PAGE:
The Herald Sun‘s James Campbell is the winner of today’s “If the story involves computers it must be hacking” award for disservice to your readers for yesterday’s story about the investigation into The Age‘s access of an ALP voter database. It’s a story that Campbell has been following since earlier this year and revolves around the ALP’s Eleczilla database, which contains personal details of people on the electoral roll, along with other information gleaned from correspondence between voters and MPs.
The ALP contends that the access was unauthorised, which is why a police investigation was prompted by the Electoral Commission, but how you may ask did The Age breach the security on this database, which contained so much private information about people? Well according to Campbell’s first story in April, Age editor-in-chief Paul Ramadge claims:
The Age was provided with access to a database by people involved in the ALP’s election campaign.
“They had come to us saying the database raised questions about how the party was gaining access to people’s private information.”
So someone handed them a username and a password, they used it, and Campbell declares it hacking?
A cynic might think that the Hun is after a bit of payback with the “Hacking” label after The Age ran hard on News Ltd in the wake of the News of the World voicemail intercepts, or ask why the Hun is upset with The Age revealing just how much personal data the ALP is recording about voters? But of interest to nerds everywhere is when will journos stop using the term hacking for every computer related story that they write?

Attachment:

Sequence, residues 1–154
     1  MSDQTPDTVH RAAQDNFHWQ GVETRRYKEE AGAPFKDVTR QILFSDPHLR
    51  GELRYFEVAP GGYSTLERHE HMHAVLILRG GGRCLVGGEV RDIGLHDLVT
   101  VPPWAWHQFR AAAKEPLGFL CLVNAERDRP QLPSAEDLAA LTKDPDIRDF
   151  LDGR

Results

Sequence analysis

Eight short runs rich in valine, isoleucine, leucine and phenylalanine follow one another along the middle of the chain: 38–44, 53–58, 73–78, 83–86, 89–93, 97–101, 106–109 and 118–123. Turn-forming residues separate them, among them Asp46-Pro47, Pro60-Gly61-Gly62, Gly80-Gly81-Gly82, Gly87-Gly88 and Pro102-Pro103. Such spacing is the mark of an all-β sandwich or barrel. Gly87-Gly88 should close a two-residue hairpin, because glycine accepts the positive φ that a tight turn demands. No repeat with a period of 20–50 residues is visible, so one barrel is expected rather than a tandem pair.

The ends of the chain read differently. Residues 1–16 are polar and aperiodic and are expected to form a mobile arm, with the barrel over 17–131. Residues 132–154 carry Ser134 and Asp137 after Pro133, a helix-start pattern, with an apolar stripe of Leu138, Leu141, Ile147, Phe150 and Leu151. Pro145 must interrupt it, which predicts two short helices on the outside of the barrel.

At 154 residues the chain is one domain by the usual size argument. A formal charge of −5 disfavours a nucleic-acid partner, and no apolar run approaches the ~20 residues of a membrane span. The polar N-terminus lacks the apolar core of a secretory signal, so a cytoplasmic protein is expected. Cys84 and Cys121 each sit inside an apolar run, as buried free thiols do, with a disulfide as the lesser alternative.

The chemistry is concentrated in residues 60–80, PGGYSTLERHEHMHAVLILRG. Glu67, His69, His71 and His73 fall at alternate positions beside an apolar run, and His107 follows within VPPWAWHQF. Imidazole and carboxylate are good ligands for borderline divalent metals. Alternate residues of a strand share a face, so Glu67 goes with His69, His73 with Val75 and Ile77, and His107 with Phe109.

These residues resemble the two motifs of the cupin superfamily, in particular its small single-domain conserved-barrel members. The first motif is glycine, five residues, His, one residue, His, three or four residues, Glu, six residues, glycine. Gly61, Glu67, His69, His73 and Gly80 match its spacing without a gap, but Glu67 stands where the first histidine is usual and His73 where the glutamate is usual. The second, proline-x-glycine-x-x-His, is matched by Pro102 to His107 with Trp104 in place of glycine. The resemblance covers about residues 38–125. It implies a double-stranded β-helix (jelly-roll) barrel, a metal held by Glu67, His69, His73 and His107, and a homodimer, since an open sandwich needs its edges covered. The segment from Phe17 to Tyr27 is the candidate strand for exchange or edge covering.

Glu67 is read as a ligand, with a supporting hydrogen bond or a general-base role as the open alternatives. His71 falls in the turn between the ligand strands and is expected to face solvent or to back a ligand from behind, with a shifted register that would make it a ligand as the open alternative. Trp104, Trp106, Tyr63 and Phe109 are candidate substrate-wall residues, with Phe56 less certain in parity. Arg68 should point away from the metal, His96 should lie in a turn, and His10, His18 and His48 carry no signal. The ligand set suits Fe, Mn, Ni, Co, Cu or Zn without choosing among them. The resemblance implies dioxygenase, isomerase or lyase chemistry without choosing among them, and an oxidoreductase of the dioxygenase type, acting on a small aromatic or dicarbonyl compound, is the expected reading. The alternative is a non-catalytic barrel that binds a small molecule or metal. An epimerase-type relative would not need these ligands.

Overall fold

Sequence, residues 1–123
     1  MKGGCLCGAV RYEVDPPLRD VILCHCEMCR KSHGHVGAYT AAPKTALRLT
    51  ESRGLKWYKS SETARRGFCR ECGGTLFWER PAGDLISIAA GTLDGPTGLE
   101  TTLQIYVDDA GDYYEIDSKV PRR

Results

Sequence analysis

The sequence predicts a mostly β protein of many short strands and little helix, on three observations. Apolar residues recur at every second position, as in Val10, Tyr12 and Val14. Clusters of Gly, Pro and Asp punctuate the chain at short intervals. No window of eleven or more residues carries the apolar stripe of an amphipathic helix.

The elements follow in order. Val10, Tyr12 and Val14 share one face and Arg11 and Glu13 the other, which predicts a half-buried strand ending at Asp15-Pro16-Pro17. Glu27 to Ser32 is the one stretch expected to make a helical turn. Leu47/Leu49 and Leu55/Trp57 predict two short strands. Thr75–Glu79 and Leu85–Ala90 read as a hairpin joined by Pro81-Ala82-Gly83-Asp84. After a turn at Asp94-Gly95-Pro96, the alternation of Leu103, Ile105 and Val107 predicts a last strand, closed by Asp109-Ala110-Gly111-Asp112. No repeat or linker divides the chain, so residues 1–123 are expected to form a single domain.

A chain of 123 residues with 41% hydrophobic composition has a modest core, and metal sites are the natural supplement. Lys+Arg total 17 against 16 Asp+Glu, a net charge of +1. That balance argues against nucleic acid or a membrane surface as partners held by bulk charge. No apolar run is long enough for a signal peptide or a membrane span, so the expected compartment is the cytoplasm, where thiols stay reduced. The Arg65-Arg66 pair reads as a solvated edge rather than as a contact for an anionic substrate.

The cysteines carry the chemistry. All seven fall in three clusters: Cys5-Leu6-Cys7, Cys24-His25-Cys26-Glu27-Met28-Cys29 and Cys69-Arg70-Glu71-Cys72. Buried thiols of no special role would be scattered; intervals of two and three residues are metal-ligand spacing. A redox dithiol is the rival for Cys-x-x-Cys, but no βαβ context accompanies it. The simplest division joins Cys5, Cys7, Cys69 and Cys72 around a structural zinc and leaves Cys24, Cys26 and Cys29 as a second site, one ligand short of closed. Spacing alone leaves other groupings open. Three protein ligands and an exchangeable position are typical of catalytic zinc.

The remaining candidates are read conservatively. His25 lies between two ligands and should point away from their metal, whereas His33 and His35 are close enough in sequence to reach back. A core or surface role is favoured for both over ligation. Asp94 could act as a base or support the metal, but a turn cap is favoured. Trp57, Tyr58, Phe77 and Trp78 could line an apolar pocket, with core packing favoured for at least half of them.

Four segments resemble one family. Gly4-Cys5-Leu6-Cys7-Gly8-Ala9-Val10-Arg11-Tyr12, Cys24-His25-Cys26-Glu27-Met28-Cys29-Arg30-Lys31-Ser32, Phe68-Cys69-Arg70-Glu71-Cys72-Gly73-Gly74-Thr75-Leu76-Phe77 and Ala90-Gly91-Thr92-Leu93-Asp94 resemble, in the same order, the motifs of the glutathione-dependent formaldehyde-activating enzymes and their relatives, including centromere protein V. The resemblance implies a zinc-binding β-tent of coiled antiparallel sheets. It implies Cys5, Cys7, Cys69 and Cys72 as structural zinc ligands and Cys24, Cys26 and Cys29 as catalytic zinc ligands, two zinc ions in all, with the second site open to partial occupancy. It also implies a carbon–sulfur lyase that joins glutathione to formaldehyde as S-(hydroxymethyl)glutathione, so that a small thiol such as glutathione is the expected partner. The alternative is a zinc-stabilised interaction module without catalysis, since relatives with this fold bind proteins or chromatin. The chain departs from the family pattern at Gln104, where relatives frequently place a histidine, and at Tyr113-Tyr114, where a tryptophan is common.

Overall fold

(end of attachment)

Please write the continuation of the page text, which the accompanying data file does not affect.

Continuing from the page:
This story doesn’t meet the traditional definition of hacking as working on or improving something, and it doesn’t even fit the more popularly understood meaning of breaking into a computer by exploiting it somehow. Perhaps the most worrying part of the story, and something that neither The Age or Herald Sun paid any attention to at all was this comment from The Hun’s unknown source:
A source said the party was puzzled why the database had been accessed from Fairfax’s offices and not an internet cafe, where “we would never have known about it”.
This seems to imply that there’s nothing standing between this enormous record of people’s personal details and the rest of the internet beyond the need for a username and a password plugged into a web browser. The fact that access to this data could be made available from a public internet connected computer is astonishing.
As an aside, Campbell points out that the ALP is “legally” allowed to collect this data on voters, and it’s well known that the Liberal party has a voter tracking system of its own, but that’s not surprising when it’s the two major parties who have traditionally been able to decide what limits they do, or do not, place on their own activities. This is not unlike the exemptions that political parties have made for themselves in the “Do Not Call” telemarketing rules, so the question raised isn’t one of legality, but one of ethics. Who within the ALP has access to this data, and what controls are in place to stop its misuse?
While the Herald Sun is happily taking aim at their rival across the river, are they selling out their readers and their own “Right to know” campaign? Let’s get some perspective, The Age was keeping tabs on the actions of the powerful, isn’t that what our news media claims as the reason that they are needed and indeed should be afforded special treatment? Could this end up being an own goal from The Hun?